In a hard-hitting campaign announcement dropped Monday morning, Jessica Taylor takes “shooting your shot” both literally and figuratively as she officially enters the race for Alabama’s 2nd congressional district. A local businesswoman and attorney, Taylor is the first woman to declare for the seat that is being vacated by Republican Representative Martha Roby. Roby, who has represented the district since 2010, announced earlier this year that she would not run for re-election.

The ad gives a brief overview of Taylor’s history – after earning both her bachelor’s and master’s degrees from Jacksonville State University, she went to work in the Governor’s Office, working on faith-based and community initiatives. While there, she earned her law degree from the Thomas Goode Jones School of Law. In 2010, she left the office to start her own business aimed at assisting nonprofits in navigating government regulations. She lives in Prattsville, AL with her husband and three children. 

She has held various volunteer positions in her community, including president of the River Region Pregnancy Center, a group dedicated to supporting pregnant women. Taylor touts her conservative values in the video and pledges to defend life, the 2nd Amendment, our borders, and our military, among others. She voices her frustration with socialists in D.C. who don’t understand the way of life in Alabama, even going as far as calling out U.S. Representative Alexandria Ocasio-Cortez.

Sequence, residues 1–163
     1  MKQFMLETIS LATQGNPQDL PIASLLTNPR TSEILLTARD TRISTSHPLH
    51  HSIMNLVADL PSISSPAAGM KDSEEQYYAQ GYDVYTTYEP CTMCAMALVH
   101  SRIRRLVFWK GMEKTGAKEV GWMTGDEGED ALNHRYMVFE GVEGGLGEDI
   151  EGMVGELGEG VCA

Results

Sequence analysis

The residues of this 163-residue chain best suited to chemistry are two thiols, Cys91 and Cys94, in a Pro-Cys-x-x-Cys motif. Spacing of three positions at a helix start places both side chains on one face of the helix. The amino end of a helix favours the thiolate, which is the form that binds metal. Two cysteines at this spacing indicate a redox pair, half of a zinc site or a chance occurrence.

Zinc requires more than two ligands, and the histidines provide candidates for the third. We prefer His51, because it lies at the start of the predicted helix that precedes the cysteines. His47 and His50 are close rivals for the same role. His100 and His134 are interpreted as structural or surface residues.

In the ad, she sets herself against her basketball background – most of her monologue is filmed on a basketball court and her final statement is punctuated by nailing an over-the-back lob into the basket. She ties her high school basketball “squad” to the fact that we need a conservative female squad in Washington to counterbalance “The Squad” already in D.C.

The Cook Political Report rates this district as R+16. The winner of the primary will likely make it through the general election. Taylor is entering a crowded primary, with five others already declared. However, this district will probably look a little different after the 2020 census, since Alabama will more than likely lose a congressional seat.

Jillian K